Java 9 is here!
The Java Standard Edition (Java SE) JDK 9 was released on September 22, 2017. The release notes, describing the new changes, are available here.
The Java Enterprise Edition Specification (Java EE) SDK 8, although not the topic of this article, was released on September 22 as well. The release notes, describing the new changes, are available here.
This article will discuss the changes to the Java language introduced with Java SE Release 9. There are five of them. The Java Enhancement Proposal 213, known as JEP 213: Milling Project Coin was the community effort behind these changes. I will be running the examples with the Oracle Official Java 9 JDK on my Linux Mint box.
Where to get Java 9?
Notice that while you can download and manually install Java 9 with the tar balls available on Oracle’s web page, it’s less hassle (and recommended) to install Java 9 via your distribution’s package manager. For many distributions, the openJDK may be the only offering in the default package manager, although there are many repositories available across various distributions to install Oracle’s official JDK 9.
For those Running Fedora\SUSE Linux, see this article.
Normally, you should be able to double click the RPM and install or use rpm or zypper from the command line, but as of recent, that has been giving some problems.
OpenSUSE official installation guide.
For those Running Debian, Ubuntu, & Mint based systems: As of about 4 PM on Sept 25, the webupd8Team ppa has been updated in Apt to include the General Availability release of Java 9.
You can install Java 9 by doing the following:
1)Add the WebUpd8 PPA repository:
sudo add-apt-repository ppa:webupd8team/java
2)Update/Refresh the Package Repository:
sudo apt-get update
3)Install the Oracle Official Java 9 JDK
sudo apt-get install oracle-java9-installer
4) Set the Default Java Version (if needed)
sudo apt install oracle-java9-set-default
Understand that this will work if this is the only copy of the JRE/JDK on your system. If you are unsure run “whereis java” or “whereis javac” from the Terminal to figure it out. It is likely that you have at least one other copy of Java on your system as many other pieces of software rely on the JRE, such as LibreOffice, for example. The version of Java you will likely encounter will probably be the openJDK. You do not need to install it, both copies can coexist. If you have more than one copy of the JDK/JRE on your machine, you will want to specify one as the default. In this case, follow the instructions below.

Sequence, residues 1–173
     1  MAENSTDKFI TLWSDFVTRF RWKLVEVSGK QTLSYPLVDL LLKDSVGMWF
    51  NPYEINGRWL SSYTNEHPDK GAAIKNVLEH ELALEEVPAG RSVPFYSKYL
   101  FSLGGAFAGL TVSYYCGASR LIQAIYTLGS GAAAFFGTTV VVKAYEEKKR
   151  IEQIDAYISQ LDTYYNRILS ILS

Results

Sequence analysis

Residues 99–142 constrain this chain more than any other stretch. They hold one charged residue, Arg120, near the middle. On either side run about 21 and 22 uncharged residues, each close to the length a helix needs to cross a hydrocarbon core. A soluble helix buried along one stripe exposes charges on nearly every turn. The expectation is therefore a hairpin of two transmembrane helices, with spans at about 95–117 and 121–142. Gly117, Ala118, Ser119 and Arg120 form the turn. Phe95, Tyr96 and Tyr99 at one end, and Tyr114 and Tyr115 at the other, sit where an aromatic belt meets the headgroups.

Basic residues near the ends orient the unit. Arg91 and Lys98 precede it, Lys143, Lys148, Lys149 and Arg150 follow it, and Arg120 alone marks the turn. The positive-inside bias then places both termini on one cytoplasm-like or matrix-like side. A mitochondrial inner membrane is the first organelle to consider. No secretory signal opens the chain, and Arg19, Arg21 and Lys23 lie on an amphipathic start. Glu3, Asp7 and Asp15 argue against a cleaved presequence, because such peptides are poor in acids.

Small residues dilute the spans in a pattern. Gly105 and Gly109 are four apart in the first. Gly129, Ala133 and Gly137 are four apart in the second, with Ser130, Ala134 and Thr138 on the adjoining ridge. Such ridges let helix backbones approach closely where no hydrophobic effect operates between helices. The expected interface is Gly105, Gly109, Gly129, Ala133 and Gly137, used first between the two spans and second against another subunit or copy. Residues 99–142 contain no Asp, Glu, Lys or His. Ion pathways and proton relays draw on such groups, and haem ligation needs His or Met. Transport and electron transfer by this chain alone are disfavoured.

What if I still need to use Java 8?
- Figure out which version of Java is the default
sudo update-alternatives — config java
sudo update-alternatives — config javac
sudo update-alternatives — config ……
Notice that Medium automatically formats “- -” as “ — “. We want two dashes, one after the other in the command. Understand also that these commands will update individual executables only.
- Set the Default
You will be asked to specify by number corresponding to a directory which tool to use.
Java 9 will be located in: /usr/lib/jvm/java-9-oracle/bin/….
Enter the number corresponding with the location above.
- Test it
java -version should return java version “9”
javac -version should return javac 9
By running these commands you can effectively toggle between Java versions.
Without further adieu, let’s begin.
#1 Support for Private Interface Methods
It’s now legal to have code like this. This allows non-abstract interface methods (default, private, static methods) to share code.